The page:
Stephanie: When I moved to Indianapolis, Lola was one of the few other genetic counselors in town.  We met at the inaugural meeting of what ultimately became the Indiana Network of Genetic Counselors. A friendship developed over the years, beyond a collegial relationship, that includes regular get-togethers with a few other well-seasoned genetic counselors. Lola covered a maternity leave for me, adding a cancer genetics hat to her experience and taking good care of patients for me during my absence.

Professionally, we’ve worked on many projects together, including the passage of licensure in the state of Indiana and developing resources for the Indiana Network of Genetic Counselors. We’ve been a sounding board for one another over the years throughout career and personal life changes. I admire Lola’s fearless ability to take on new areas of expertise, learning what she needs to know completely and with great dedication. She is a true advocate for patients and our profession.

Lola: I know Stephanie as a good friend and top-notch cancer genetic counselor. I think we met through our overlapping jobs at a local hospital, but I really do not remember well! We go out socially for dinner with three other genetic counselor friends in the area who have bonded over the years. At our genetic counselor dinners, we laugh, talk work and family. Workwise, I know Stephanie from taking a prenatal job in the same maternal-fetal medicine department where she counseled prenatal and cancer patients. Thus, we have a work connection as well. I covered several weeks for her during a maternity leave counseling patients in the familial cancer risk center where she now works. I gained a huge and new respect for what she does as I witnessed the emotions of patients and families who had gone through so much as they dealt with familial cancer and risks to their relatives.

What’s the unique aspect to your relationship beyond being coworkers and friends?

Stephanie: I have had the privilege of providing genetic counseling to Lola for her family history of cancer. She was sweet to consider if I would feel uncomfortable in this role, considering the potential that I may have to give her difficult news. It is courageous to open your private life and past history to any medical professional, and can be even more difficult with a friend and colleague. I was honored and humbled that Lola would feel comfortable doing this with me. We had a frank conversation prior to her appointment about this, reassuring each other that we each felt comfortable in this different relationship.  

Lola: I began thinking more about my risk for cancer after my father developed his 4th primary cancer and my mother was diagnosed with breast cancer. I began asking Stephanie questions informally about my family history of cancer and what she thought.  As the years passed, more knowledge and genetic testing became available and I then made an appointment with her in the familial cancer risk center to formally talk about my cancer risk and testing options. Eventually, I decided to proceed with testing. I was worried about Stephanie potentially having to give me “bad news” from my test results. I did not want her to feel bad as a friend. She was great talking this out with me during our counseling session. It truly was a gift to have such a wise, open, and good friend to handle sensitive information and feel comfortable with it!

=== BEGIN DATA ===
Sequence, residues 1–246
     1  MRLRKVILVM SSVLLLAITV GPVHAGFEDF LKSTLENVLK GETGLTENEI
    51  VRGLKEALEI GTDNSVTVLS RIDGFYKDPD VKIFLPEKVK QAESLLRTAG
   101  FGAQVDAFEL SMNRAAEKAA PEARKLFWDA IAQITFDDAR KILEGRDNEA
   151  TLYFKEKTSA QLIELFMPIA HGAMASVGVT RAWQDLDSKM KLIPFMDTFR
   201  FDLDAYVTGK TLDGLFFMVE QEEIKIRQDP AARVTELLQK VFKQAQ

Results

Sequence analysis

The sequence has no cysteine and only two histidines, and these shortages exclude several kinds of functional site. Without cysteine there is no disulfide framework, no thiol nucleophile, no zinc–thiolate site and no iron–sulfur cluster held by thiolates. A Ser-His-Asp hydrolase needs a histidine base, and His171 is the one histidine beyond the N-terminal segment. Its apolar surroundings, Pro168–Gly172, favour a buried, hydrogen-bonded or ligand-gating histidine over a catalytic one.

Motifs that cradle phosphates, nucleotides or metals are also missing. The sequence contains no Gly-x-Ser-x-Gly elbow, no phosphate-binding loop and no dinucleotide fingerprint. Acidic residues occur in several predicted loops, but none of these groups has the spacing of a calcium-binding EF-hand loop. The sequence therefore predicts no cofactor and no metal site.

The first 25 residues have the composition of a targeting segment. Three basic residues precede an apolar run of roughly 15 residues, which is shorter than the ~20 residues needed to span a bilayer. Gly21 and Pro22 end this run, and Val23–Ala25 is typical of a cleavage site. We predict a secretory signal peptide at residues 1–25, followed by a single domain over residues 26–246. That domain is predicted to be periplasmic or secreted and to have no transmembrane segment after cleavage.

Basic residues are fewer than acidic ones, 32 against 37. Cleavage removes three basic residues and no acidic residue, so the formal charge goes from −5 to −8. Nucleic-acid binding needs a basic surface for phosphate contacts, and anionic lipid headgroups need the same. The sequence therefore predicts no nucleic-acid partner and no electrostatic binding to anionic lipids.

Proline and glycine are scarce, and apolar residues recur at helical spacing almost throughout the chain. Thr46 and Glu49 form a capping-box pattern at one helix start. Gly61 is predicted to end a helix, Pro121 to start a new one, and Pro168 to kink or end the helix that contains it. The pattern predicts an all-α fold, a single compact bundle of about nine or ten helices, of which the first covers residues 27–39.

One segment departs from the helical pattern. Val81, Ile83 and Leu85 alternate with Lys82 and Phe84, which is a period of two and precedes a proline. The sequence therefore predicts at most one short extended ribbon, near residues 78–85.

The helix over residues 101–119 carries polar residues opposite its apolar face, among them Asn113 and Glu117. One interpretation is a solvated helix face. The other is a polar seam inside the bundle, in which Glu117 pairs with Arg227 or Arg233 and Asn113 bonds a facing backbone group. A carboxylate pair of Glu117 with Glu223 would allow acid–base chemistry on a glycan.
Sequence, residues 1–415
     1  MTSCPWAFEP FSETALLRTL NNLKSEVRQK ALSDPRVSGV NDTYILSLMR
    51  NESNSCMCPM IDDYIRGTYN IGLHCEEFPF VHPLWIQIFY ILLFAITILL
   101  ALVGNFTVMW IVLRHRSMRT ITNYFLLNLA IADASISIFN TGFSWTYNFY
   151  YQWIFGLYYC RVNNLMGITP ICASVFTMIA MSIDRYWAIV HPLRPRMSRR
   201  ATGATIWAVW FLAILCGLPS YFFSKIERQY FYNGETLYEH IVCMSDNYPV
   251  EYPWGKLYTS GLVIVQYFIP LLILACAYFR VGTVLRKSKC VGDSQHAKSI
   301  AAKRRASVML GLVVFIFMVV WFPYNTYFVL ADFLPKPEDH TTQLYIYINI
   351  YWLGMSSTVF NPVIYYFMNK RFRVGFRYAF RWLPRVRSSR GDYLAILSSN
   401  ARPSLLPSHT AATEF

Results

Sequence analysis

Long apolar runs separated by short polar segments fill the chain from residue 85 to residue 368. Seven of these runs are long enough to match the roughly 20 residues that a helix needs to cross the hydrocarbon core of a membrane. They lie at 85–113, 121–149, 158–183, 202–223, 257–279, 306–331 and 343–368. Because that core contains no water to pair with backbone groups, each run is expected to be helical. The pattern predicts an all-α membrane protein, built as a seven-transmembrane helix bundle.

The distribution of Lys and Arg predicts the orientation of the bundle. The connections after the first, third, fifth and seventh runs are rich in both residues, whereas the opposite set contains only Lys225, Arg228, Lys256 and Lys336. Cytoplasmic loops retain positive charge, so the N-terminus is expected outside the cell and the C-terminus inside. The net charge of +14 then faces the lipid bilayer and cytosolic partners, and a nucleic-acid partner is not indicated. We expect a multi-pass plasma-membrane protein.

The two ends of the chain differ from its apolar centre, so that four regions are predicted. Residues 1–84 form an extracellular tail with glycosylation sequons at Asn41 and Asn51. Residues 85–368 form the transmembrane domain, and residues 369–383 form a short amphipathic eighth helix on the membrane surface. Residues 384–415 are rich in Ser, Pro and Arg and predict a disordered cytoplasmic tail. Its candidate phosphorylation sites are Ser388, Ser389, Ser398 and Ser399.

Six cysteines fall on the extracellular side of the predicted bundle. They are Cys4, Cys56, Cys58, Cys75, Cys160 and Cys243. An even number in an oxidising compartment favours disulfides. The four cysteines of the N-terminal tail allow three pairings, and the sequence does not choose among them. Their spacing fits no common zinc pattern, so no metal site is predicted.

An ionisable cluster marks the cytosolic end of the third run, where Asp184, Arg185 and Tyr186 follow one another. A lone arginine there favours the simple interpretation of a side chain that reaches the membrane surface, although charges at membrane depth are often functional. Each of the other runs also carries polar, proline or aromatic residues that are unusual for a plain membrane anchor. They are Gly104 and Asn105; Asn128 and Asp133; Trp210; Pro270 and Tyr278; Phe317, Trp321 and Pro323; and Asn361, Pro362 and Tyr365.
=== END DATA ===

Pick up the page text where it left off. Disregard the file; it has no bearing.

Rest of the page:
We both are lifelong learners and get very excited talking to each other about the changes in genetics and our field. We also enjoy sharing Indian and other exotic foods!

Stephanie and Lola enjoy a quiet dinner out, with kids and spouses back at home!

Stephanie and Lola enjoy a quiet dinner out, with kids and spouses back at home!

More about Lola and Stephanie:

Lola Cook Shukla is a genetic counselor with a broad background who has worked in pediatric, prenatal, and adult genetics. She also has worked in industry as a medical research analyst. Currently, she specializes in the genetics of Parkinson's disease, providing remote genetic counseling to participants who are part of a large Parkinson’s disease research study, sponsored by the Michael J. Fox Foundation. Lola is interested in new and innovative ways to provide genetic counseling services and serves on a working group developing practice  guidelines for telegenetics for the National Society of Genetic Counselors (NSGC) and also will be serving as co-chair of NSGC’s Health Information Technology  Special Interest Group (SIG) this upcoming year.

Stephanie Cohen is a genetic counselor who provides in-person and remote genetic counseling via telemedicine for hereditary cancer risk at St. Vincent Health in Indianapolis. Stephanie is interested in improving access to cancer genetic services, and serves as the chair of the National Society of Genetic Counselor’s Service Delivery Model subcommittee. She is active in training genetic counseling students as an Adjunct Assistant Professor at Indiana University as a clinical supervisor and co-instructor for a Cancer Genetics course. She has multiple publications in the field of cancer genetics and genetic counseling service delivery.

 

Like reading the Base Pair series? Read about my first two couples - a husband/wife couple of genetic counselors who met in graduate school and sisters-in-law who earned their degrees at different times.